8 December 1995 Whip antenna design for portable rf systems
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Proceedings Volume 2601, Wireless Data Transmission; (1995); doi: 10.1117/12.228157
Event: Photonics East '95, 1995, Philadelphia, PA, United States
Abstract
Whip type antennas are probably the most commonly used antennas in portable rf systems, such as cordless and cellular phones, rf enabled laptop computers, personal digital assistants (PDAs), and handheld computers. Whip antennas are almost always mounted on the chassis which contains the radio and other electronics. The chassis is usually a molded plastic which is coated with a conducting paint for EMI purposes. The chassis which appears as a lossy conductor to the antenna, has several effects -- detuning, altering the gain of the antenna, and shadowing its radiation pattern. Extensive modeling and measurements must be performed in order to fully characterize the affects of the chassis on the whip antenna, and to optimize antenna type, orientation and position. In many instances, modeling plays a more important role in prediction of the performance of whip antennas, since measurements become difficult due to the presence of common mode current on feed cables. In this paper models and measurements are used to discuss the optimum choice of whip antennas and the impact of the chassis on radiation characteristics. A modeling tool which has been previously described and has been successfully used to predict radiated field patterns is used for simulations, and measured and modeled results are shown.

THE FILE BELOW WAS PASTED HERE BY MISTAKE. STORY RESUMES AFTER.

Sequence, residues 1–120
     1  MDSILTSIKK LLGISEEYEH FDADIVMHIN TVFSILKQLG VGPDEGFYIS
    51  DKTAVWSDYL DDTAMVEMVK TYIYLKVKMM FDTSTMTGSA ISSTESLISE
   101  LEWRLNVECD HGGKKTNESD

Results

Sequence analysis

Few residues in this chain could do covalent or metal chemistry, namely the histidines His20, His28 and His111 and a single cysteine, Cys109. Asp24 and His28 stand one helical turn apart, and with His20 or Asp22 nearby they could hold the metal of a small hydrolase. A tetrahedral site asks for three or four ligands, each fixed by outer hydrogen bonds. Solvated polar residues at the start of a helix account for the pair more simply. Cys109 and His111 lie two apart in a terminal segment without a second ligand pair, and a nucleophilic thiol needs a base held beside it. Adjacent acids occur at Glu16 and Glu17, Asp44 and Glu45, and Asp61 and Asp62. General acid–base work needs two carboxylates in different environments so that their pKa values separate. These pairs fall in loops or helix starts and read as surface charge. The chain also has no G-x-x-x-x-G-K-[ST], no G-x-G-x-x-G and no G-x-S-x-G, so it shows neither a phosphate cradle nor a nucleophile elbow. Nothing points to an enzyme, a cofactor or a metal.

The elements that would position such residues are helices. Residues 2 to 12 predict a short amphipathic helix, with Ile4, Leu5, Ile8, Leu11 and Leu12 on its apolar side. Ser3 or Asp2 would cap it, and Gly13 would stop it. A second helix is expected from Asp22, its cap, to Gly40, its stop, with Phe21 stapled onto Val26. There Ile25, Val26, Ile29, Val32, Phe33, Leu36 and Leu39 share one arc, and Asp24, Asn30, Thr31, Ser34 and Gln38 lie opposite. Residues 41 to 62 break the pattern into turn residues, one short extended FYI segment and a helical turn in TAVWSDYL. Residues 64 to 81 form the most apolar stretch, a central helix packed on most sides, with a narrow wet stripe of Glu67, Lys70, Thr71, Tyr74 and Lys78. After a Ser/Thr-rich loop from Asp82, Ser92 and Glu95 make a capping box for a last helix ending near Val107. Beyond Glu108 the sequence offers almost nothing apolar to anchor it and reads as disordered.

© (1995) COPYRIGHT Society of Photo-Optical Instrumentation Engineers (SPIE). Downloading of the abstract is permitted for personal use only.
Saila Ponnapalli, Frank J. Canora, "Whip antenna design for portable rf systems", Proc. SPIE 2601, Wireless Data Transmission, (8 December 1995); doi: 10.1117/12.228157; http://dx.doi.org/10.1117/12.228157
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KEYWORDS
Antennas

Polarization

Computing systems

Electronics

Environmental sensing

Ions

Personal digital assistants

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